Liv, with you being the history buff and all, do you think that modern times, as compared with say, English domain over their empire or, say, the Spanish Inquisition, excuse our modern tactics at all? Yes, in earlier, more barbaric times we spilled the blood of our enemies much more brutally and prolifically, which I contend is a reason for the slow emigration of man throughout the world until the 15th and 16th century, yet, are we to say that modern war is excusable as the lesser of two evils?

I have always been a reluctant hawk: prepared to defend but unwilling to make the first blow. However, when that assault is made, let the swift arm of justice fall. Yet, we should realize that justice and retaliation do not address where the problem roosts: inequity, both social and economic. As the disparity between two groups of people grows, as the "haves" become more and more displaced with "have nots," when there are more Trumps to stamp out the middle class, then violence and social injustice will flourish.

I think that economic generosity and social equality can really bring peace, and we should insist on this as a universal policy, something that the West is quite reluctant to do. Compared to the problems that exist around the world, a $1 million here and a couple more there is pittance to solve deeply rooted problems.

Matt said...

I used to be a reluctant Hawk but the more you look into it, the more it's just moral horse trading where we are basically saying one form of murder is fine, and another isn't. If you think the world trade centre was an abomination then you must also say that Israeilis deliberately trageting civilian centres is also an abomination and stop allowing them to wave the Victim badge every time they slaughter children.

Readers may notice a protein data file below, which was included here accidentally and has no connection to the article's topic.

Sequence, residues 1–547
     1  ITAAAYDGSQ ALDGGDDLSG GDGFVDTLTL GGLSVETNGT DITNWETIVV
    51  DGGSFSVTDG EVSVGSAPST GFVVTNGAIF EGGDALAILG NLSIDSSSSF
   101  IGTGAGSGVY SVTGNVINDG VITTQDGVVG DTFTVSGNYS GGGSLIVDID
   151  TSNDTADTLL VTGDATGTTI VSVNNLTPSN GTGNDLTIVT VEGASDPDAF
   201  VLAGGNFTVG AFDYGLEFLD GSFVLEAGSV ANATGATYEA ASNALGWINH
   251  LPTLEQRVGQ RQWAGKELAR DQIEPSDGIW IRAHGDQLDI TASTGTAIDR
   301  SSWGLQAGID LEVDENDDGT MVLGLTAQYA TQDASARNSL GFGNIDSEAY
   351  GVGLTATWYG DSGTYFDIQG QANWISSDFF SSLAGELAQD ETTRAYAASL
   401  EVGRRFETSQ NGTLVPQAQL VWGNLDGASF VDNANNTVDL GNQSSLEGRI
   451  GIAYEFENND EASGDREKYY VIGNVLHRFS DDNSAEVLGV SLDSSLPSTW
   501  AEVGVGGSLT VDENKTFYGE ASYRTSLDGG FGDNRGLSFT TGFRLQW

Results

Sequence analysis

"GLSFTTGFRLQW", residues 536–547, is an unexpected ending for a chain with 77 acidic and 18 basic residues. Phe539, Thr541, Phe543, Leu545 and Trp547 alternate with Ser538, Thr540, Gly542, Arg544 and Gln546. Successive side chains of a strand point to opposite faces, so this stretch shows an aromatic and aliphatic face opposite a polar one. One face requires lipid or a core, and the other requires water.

It's an equal abomniation when those who oppose Israel kill innocents, but it's always reported as a far worse atrocity than when Israel commits mass murder. And it's all done under this Victim badge, it's like driving a tank through someones house , but it's OK because you have a disabled sticker on the back. When we start treating the people who are murdered with equality, and judging the actions of countries based on what they do now rather than what happened to a portion of it's people years in the past, then we might get somewhere. But if at any point someone suggests that killing innocent civilians of one country is justified because innocent civilians have been murdered on the other side - that person is morally bankrupt.

The sad fact is that the UK and the US are the worlds' largest funders of human rights abuses and terrorism, and I don't say that lightly - just look at what Turkey are allowed to get away with in exchange for construction contracts (look up the Ilisu Dam) and allowing the US to use it's airspace - it's improved in recent years but they are still a massive human rights offender. You hear a lot about Hallabja in Iraq, but never about the Turkish massacre of the Kurds in Hassake which was at least as bad. In Kurdish areas of Turkey, rape is still the most common method of torture used on female Kurds. Family memebers are still 'disappeared'. Wives are regularly beaten by the police if they go to the police station to support their arrested husbands.

But it's OK. Turkey are in NATO - they are our friends.

On the face of it we like to profess our fight for what is right, but it's only the thinnest of veneers covering 60 years of state funded terrorism, banana republics and vicious dictators. It's Moral horse trading of the worst kind and as long as they keep the fires that keep us scared stoked, most of us just allow it to happen and try to find the right in what we do. It's a problem indemic to both our governments and has been for many years.

I'll stop ranting now, sorry. I just found out teh Ilisu dam project and others like it coul be back on track, it's OK though. They're only Kurds.

Verbie said...

I don't have anything smart to say, but that's really cute about Fitz...that he can hiccup. Dudley has only sneezed on occassion.